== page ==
We’ll just have to wait and see what effect it has on the club’s future. It more or less guarantees relegation to Division Two (barring any league reconstructions, which is not entirely impossible) and it may indeed mean that any outsiders who might have been thinking of getting involved are less likely to do so. I’m hoping, when we look back in a couple of years time, that they’ll have been able to turn it to positive account. Such evidence as I’ve seen so far from Dundee fans suggest they’ve reacted with considerable anger, and just maybe a backs-to-the-wall mentality will help people to rally to the cause. The Trust has so far raised around £90K – impressive but well short of the estimated half million that will be needed to keep the club going to the end of the season. Another chunk of that may come from the sale of Leigh Griffiths in January, but I suspect they’ll also need to get local businesses on board, and may end up combining forces with former owner Peter Marr – despite his part in the club’s first administration in 2003.

The other name still hovering around is Gio di Stefano, the “lawyer” and convicted fraudster who was also involved in the club in 2003. If yesterday’s sanctions serve to discourage his involvement then again, it may not turn out to have been a bad thing.

All of that is ifs and buts. I’m looking on the bright side but obviously it can’t be denied that this punishment leaves Dundee in serious difficulties. It’s harsh, but on balance I think fair.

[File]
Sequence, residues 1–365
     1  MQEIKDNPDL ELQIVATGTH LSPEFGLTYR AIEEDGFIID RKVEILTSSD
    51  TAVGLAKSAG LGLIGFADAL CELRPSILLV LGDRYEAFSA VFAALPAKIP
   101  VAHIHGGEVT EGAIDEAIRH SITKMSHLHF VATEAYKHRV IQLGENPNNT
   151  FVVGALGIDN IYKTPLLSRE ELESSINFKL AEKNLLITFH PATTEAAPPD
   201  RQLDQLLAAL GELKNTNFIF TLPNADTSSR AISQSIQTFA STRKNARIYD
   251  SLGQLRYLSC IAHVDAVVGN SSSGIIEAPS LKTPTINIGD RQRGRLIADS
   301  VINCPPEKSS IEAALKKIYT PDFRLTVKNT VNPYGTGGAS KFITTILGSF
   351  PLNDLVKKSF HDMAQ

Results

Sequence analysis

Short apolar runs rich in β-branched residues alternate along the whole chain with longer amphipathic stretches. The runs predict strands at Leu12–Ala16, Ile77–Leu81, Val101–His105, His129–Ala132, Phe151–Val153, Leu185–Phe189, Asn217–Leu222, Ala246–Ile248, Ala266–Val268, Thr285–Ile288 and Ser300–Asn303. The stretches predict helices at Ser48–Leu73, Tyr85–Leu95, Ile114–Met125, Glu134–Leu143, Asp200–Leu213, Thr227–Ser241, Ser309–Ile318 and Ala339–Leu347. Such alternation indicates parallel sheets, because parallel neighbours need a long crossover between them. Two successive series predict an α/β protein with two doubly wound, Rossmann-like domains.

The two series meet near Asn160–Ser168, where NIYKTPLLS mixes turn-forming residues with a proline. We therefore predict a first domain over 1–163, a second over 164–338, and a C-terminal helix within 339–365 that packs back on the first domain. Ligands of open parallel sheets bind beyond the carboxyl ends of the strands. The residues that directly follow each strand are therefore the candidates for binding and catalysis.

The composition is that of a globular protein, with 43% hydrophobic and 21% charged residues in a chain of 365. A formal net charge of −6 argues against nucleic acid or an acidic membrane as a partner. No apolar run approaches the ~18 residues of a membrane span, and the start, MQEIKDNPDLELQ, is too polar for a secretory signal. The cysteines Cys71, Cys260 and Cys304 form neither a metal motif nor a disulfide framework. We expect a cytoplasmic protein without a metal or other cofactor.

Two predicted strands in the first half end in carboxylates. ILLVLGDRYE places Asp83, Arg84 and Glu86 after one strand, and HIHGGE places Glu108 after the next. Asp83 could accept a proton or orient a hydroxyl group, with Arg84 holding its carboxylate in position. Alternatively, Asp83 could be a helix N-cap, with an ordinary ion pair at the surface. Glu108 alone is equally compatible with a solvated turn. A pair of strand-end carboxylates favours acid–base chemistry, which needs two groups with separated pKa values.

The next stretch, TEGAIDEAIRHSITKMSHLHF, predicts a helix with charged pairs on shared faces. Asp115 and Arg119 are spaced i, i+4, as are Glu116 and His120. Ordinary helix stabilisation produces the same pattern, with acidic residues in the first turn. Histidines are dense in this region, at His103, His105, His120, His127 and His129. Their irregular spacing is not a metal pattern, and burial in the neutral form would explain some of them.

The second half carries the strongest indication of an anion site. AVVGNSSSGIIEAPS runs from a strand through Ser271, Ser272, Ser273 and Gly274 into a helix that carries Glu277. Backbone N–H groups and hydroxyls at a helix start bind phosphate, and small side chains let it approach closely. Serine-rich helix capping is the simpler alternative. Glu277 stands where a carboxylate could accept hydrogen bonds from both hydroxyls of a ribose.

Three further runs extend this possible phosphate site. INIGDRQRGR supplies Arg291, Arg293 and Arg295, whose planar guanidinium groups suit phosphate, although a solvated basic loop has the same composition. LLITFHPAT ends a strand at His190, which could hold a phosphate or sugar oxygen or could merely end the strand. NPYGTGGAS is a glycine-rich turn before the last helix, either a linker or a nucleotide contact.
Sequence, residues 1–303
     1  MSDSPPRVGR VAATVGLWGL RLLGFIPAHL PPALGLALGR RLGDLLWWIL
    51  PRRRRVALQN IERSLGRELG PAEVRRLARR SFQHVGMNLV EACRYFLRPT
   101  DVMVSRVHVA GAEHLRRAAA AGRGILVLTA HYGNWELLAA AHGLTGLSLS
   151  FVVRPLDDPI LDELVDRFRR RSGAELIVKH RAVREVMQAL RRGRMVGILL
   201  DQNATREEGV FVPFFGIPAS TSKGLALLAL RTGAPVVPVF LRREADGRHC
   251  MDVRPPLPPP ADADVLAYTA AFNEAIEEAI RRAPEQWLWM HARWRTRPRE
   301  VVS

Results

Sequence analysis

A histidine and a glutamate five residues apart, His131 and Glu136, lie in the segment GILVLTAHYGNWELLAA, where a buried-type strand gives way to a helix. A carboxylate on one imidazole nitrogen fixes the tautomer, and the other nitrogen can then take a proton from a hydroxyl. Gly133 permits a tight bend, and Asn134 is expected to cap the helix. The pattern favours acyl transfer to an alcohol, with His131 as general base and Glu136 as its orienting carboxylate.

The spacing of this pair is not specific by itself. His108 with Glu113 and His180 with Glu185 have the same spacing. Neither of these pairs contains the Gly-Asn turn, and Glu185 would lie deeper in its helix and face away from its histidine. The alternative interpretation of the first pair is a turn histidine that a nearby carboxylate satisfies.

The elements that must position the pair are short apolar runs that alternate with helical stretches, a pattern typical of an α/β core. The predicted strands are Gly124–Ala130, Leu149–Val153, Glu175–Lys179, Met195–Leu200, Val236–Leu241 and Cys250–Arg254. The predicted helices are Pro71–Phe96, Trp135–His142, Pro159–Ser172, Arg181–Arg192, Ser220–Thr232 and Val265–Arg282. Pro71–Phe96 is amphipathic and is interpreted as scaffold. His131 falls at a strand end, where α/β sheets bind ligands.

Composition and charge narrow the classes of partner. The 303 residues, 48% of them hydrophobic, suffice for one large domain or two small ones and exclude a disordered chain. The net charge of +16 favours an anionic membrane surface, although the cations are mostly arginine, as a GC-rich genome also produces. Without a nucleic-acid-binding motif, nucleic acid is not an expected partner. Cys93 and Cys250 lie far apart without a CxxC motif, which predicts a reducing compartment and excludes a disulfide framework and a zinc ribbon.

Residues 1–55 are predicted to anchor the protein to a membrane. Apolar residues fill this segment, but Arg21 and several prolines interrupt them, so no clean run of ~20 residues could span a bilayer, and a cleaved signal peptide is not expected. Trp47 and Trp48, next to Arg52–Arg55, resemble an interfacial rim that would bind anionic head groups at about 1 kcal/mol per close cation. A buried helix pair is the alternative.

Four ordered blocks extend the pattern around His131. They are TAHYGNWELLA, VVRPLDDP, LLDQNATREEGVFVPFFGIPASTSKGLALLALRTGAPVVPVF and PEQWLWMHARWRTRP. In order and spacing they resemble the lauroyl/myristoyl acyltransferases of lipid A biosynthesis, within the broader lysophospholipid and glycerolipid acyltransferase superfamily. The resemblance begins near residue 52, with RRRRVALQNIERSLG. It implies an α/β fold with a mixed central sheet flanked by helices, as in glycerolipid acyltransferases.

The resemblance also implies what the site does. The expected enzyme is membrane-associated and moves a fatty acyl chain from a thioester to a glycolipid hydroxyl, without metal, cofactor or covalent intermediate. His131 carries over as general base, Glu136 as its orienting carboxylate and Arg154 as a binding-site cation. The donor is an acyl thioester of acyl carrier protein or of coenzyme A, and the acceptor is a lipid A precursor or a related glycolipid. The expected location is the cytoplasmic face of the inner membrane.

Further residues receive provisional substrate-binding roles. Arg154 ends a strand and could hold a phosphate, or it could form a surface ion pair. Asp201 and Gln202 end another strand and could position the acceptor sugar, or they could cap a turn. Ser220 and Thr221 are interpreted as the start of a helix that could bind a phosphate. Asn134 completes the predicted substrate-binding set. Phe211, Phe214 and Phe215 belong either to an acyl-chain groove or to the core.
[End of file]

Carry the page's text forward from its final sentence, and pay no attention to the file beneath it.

Update: The Supporters Trust, Dee4Life, have released their response. Unfortunately, it’s awful and blames everyone but themselves. Opening sentence – “Dundee fans are furious at today’s attempted murder of our football club by the Scottish Football League.”
http://www.dee4life.com/homepage/2010/11/1/dundee-fans-dee-fiant.html

Updated again: I was almost too stunned when I added that last link this morning to register just how appalled I am with that Dee4Life statement. It contains this sentence. which I had to read through two or three times to be sure that I’d understood it right:

And why do they address borrowing from HMRC, but not borrowing from banks or directors?

I’m at a loss to know what to say to that, they really do seem to be equating borrowing from people who do actually lend money sometimes to “borrowing” by failing to pay tax bills on time. If they’re trying to prove The SFL’s point for them in the first quote at the top of the article then they’re going the right way about it. I still hope the Trust will ultimately take over the club, but it’s to be hoped they have people ready to take the helm who have a better grasp of the issues than whoever is responsible for that statement last night.